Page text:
Another important reason to compost is that it helps the environment. Did you know that food waste in the landfill is one of the major causes of the methane gases that are contributors to climate change? By recycling our food waste we can help reduce those emissions at the same time we create rich fertilizer for our shrubs and plants. Talk about a win-win.

So, how do we do it? In our case, we set aside a corner of our side yard for this purpose. This corner already had two sides from our fence, and Mr. Bee was able to fashion two other sides out of fencing and a large piece of slate we inherited. Compost bins are available from garden websites as well. We started composting by throwing in yard clippings and kitchen scraps in this pile. I have added some links below this post for a more detailed method to compost.

For the compost to break down in a timely manner you need both green matter (like kitchen and yard waste) and brown matter.

Brown matter can be manure – which you can buy. But also paper is a good source of brown matter, and specifically shredded paper will break down very nicely. I love dumping out my shredder in the compost pile. And so you “layer” your kitchen waste and your paper. I admit that we do not carefully layer our materials. We dump and stir. I probably take out the vegetable matter every day but do not dump in the paper for months. But it works! We end up with a rich black soil for our gardens.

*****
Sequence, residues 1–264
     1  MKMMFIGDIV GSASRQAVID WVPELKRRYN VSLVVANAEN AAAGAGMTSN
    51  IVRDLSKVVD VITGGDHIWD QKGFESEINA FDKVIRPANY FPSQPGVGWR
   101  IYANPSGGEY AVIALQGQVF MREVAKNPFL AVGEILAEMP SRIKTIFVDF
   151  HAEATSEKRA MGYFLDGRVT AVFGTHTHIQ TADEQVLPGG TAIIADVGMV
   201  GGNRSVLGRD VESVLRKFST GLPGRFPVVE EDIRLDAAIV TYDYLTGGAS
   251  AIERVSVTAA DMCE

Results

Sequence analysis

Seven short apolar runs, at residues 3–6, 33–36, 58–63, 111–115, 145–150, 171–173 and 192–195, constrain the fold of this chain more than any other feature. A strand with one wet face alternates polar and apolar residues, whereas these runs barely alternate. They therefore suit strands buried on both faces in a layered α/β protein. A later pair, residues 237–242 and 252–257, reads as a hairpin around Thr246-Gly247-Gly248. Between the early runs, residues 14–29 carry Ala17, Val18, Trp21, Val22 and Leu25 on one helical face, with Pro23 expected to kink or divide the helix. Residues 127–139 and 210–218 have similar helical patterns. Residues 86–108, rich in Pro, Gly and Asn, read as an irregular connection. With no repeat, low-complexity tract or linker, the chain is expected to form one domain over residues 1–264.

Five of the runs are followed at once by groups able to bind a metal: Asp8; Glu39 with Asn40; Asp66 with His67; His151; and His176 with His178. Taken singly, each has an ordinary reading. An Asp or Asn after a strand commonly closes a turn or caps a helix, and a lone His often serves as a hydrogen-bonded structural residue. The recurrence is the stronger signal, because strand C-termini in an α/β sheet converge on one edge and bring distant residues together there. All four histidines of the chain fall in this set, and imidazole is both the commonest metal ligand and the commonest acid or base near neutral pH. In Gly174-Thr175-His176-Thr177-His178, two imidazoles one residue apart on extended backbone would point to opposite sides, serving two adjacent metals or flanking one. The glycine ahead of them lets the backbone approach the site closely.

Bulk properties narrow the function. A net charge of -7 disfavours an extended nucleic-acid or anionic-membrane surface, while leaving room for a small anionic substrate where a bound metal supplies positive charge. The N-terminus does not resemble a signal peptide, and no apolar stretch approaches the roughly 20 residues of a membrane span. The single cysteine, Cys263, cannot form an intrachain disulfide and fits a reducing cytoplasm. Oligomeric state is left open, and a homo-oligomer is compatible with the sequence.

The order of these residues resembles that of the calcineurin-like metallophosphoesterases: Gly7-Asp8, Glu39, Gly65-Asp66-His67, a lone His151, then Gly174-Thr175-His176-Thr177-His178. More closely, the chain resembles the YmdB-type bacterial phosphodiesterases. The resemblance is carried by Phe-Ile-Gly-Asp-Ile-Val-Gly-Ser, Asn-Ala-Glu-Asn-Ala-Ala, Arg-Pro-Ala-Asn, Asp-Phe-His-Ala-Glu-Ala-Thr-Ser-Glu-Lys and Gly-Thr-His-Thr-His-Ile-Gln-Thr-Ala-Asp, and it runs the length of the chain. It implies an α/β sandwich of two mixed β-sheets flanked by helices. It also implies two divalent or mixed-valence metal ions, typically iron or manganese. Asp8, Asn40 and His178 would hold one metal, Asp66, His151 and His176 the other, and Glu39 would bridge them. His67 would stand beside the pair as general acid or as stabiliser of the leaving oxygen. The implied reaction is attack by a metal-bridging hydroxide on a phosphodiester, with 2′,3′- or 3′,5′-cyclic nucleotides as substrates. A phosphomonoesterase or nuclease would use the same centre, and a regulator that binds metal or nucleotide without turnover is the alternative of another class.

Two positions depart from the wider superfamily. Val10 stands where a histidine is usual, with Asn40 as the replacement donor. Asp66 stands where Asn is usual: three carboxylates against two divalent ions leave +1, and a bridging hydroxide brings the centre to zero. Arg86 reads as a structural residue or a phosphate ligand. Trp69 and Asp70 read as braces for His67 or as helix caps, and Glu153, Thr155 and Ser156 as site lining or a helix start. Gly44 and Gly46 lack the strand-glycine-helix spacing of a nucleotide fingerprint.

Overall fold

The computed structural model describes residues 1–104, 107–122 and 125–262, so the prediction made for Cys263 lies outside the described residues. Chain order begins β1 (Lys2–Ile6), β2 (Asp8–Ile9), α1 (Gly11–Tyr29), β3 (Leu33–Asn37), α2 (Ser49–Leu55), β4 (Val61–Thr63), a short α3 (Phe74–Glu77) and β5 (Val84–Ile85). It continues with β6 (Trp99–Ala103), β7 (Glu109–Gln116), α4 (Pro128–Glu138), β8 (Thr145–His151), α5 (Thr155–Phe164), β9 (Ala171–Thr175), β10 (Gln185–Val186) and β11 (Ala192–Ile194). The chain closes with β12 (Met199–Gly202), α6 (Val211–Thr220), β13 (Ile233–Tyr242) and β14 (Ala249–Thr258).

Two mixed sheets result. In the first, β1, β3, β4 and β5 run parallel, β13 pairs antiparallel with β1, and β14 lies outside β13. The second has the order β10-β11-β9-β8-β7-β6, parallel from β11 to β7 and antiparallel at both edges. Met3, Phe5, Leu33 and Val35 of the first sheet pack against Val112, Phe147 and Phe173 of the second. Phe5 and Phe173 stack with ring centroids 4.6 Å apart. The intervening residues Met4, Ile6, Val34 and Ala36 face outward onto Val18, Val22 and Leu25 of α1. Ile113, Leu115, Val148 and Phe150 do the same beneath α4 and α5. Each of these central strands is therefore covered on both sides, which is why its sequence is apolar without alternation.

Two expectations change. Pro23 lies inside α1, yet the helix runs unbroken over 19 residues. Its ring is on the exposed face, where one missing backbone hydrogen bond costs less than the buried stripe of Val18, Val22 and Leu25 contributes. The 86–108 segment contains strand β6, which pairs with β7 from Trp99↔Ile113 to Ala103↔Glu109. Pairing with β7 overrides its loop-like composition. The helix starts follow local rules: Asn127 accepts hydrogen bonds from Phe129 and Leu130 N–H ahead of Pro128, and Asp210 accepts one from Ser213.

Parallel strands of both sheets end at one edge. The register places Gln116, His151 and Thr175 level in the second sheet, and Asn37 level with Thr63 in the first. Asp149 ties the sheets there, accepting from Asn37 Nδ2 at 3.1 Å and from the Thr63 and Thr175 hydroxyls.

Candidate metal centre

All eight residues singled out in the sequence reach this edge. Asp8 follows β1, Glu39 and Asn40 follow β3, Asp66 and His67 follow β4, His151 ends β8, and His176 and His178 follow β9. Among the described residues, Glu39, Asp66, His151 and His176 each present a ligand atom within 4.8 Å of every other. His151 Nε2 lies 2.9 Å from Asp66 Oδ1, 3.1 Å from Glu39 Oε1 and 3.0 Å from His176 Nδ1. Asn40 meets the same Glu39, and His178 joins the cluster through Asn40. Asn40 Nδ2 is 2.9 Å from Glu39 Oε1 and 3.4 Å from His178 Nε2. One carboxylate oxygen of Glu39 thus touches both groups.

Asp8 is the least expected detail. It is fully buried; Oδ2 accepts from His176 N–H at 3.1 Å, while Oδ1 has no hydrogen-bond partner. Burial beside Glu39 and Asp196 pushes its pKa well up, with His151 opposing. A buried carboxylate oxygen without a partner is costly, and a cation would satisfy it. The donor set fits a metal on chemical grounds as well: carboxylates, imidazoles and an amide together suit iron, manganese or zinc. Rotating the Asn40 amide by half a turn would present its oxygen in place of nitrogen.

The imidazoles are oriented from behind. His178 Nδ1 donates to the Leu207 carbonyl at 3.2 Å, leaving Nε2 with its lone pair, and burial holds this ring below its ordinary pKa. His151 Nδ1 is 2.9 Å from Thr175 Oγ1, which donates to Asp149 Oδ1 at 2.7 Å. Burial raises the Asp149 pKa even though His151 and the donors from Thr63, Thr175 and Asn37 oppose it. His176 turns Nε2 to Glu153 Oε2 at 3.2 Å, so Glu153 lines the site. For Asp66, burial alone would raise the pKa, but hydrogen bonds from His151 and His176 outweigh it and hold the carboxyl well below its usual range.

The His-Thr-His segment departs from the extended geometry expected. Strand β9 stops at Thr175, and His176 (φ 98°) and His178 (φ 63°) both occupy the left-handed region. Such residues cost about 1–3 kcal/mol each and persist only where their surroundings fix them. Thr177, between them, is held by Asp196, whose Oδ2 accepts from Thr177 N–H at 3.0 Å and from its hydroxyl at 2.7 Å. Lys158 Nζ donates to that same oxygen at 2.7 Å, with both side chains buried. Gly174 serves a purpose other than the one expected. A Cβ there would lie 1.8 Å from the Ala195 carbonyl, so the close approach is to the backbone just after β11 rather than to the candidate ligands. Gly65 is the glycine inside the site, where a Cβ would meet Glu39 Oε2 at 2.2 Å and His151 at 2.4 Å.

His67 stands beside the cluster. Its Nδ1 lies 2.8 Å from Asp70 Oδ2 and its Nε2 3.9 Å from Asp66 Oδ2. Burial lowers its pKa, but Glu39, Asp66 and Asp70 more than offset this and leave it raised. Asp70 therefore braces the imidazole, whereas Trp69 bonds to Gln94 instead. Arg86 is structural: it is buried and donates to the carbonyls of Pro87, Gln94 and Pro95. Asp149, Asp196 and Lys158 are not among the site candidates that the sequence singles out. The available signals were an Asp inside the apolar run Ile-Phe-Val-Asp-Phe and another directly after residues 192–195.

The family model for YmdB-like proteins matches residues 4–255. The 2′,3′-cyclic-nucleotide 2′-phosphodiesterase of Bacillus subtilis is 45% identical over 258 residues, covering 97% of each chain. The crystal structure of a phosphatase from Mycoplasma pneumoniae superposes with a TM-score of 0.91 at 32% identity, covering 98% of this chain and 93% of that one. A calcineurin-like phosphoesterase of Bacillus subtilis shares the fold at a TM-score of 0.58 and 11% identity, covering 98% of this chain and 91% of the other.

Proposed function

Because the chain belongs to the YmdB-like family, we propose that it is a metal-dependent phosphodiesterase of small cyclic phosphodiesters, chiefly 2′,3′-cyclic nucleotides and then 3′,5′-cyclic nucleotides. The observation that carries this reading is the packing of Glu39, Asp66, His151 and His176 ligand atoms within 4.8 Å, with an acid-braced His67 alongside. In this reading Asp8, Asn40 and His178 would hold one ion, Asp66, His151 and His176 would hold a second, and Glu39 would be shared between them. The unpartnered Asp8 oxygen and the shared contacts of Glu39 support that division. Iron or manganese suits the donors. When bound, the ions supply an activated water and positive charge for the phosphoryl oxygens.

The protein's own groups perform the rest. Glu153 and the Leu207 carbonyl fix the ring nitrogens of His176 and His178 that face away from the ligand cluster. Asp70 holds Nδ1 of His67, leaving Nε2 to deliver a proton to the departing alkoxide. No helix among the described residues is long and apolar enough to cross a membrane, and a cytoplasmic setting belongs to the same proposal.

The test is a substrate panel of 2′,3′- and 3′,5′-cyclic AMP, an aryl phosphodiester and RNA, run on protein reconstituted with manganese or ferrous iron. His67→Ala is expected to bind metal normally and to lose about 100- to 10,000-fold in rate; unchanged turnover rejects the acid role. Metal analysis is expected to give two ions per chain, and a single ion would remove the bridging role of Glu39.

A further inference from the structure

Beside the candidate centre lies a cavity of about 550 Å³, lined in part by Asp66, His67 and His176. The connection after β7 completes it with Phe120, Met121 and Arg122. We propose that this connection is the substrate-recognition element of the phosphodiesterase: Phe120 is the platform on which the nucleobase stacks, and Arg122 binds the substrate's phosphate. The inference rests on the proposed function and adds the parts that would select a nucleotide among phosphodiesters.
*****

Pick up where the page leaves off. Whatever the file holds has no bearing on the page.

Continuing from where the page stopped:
The first time I lifted up a shovel full of compost, I was dumbfounded that this rich soil came from my kitchen scraps! It almost seems like magic. As you handle the soil and feel its rich texture it is obvious this will be good for your garden. The difference in your flowers and vegetables will be recognizable and will multiply each year.

I recently bought this copper canister at TJ Maxx to hold my scraps until I am ready to take them out. No one would ever know that behind that sleek and shiny exterior rot is running riot. But it’s a good idea to take it out daily. Sometimes I use a plastic produce bag to line the container to make the clean up a little easier.

Recycling your food scraps into compost is such an easy way to create food for your plants, reduce methane gas emissions in the landfill and reduce the volume of trash as well. I hope I’ve encouraged you to give it a try!

To learn more about composting you may want to refer to these sites:

https://www.epa.gov/recycle/composting-home